Mindfulness-Based Approaches

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Mindfulness-Based Approaches

Mindfulness-based therapies integrate mindfulness strategies with other therapy practices. For example, Mindfulness-Based Cognitive Therapy (MBCT) can help teach someone how to use (left-brain) cognitive techniques and (right-brain) mindfulness meditation to address triggers that can contribute to anxiety and depression.

Through the lens of MBCT, clients learn how to recognize themselves as distant from their thoughts, emotions and behaviours. This often provides the space necessary to increase self-awareness and alter negative thought patterns — which can be particularly helpful during distressing or overwhelming situations. Mindfulness-based approaches help clients learn to accept their feelings in a compassionate and non-judgmental way.

We often hear mindfulness associated with meditation. However, mindfulness and meditation are not the same things. While many people do find meditation helpful, it is not for everyone, and by no means required to obtain the full benefits of mindfulness. Often clients find that the most helpful practices are those that are naturally and easily incorporated into their existing daily activities.

When are Mindfulness-Based Approaches Used?

Researchers have found that incorporating mindfulness can be helpful for individuals who struggle with recurrent or treatment-resistant depression. In addition, it may be used for the following:

  • Anxiety disorders
  • Bipolar disorder
  • Depression linked to chronic health conditions
  • Low mood and unhappiness
  • Depression-relapse prevention
  • Treatment-resistant depression

How/When we Use Mindfulness at Bloor West Therapy?

We often incorporate mindfulness throughout sessions, especially when working with anxiety or mood struggles. Mindfulness can be helpful in teaching clients:

Frequently Asked Questions

MBCT includes components of CBT. CBT involves helping patients recognize certain thought patterns and change them, which then alters their feelings and behaviours. Meanwhile, MBCT builds on this by incorporating mindfulness aspects, such as breathing techniques and meditation.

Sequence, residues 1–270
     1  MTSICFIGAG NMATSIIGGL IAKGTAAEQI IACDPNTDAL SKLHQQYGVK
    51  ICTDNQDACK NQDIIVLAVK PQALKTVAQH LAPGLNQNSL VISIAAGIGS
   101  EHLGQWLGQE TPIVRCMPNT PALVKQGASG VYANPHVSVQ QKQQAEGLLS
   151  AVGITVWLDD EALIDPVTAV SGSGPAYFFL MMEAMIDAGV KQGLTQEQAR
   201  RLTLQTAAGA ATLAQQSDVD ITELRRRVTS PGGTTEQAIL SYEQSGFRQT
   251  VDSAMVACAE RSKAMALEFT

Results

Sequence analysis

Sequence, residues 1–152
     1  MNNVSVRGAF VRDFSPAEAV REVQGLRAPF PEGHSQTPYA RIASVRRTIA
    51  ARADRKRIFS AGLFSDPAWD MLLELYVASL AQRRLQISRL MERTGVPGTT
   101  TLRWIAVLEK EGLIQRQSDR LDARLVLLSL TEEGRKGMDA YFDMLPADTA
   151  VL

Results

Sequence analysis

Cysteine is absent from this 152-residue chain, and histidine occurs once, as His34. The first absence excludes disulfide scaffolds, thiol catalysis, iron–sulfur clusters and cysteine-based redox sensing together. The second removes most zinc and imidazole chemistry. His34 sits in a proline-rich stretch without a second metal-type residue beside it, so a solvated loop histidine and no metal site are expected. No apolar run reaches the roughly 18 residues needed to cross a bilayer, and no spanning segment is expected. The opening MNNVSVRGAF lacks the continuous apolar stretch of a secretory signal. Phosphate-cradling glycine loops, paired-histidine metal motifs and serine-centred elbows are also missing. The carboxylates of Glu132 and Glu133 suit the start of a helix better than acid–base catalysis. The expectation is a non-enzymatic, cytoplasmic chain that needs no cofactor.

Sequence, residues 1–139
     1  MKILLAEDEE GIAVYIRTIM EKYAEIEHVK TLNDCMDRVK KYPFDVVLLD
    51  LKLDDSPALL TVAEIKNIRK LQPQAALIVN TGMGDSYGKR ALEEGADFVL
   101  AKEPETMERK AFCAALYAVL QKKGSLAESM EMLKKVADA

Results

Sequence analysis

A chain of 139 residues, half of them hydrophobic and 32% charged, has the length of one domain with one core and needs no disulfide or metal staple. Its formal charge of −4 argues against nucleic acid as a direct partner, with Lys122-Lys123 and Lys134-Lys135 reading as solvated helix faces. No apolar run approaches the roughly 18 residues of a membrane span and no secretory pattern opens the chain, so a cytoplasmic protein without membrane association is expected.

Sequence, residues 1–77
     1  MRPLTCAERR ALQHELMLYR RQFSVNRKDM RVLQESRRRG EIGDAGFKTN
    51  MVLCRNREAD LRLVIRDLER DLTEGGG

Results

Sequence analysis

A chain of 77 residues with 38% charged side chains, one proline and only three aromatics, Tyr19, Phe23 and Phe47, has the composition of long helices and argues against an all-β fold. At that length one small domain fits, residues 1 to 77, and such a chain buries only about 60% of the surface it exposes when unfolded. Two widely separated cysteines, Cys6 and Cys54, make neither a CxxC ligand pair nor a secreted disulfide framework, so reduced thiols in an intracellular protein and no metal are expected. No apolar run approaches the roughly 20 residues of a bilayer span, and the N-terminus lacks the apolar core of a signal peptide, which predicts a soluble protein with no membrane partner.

Yes, mindfulness has been shown to help a variety of mental health issues including depression and anxiety. For example, while CBT can help you change the way you think about situations, incorporating mindfulness takes this a step further by helping you learn to increase your awareness of your thoughts and feelings, fully experience the present moment instead of worrying about the future or ruminating about the past, and to direct your attention to what is most helpful in the moment...
Depending on your therapist, there are many different mindfulness-based techniques that are used. These include:
  • Mindfulness practices in everyday life
  • Tuning into your senses
  • Body scan exercises
  • Attuned breathing
  • Mindfulness stretching or physical exercise
  • Yoga
  • Meditation
  • Progressive relaxation
The benefits of mindfulness include helping you become more aware of your internal world, which gives you important information for working through in therapy and is a critical step towards change. Additionally, it helps you view any thoughts without judgement. In many ways, this can provide you with more clarity, as well as allow you to let go of negative thought patterns. As a result, your quality of life improves and you feel better equipped to manage challenging times. Mindfulness can help you quiet your mind, gain mental control and increase emotion regulation.
"Sometimes, talking it out can help reach clarity. It can be hard to see the forest for the trees when you are overcome with emotion or overwhelmed with thoughts. We can help you sort it out."
Dr. Ragne Pajo
Registered Clinical Psychologist
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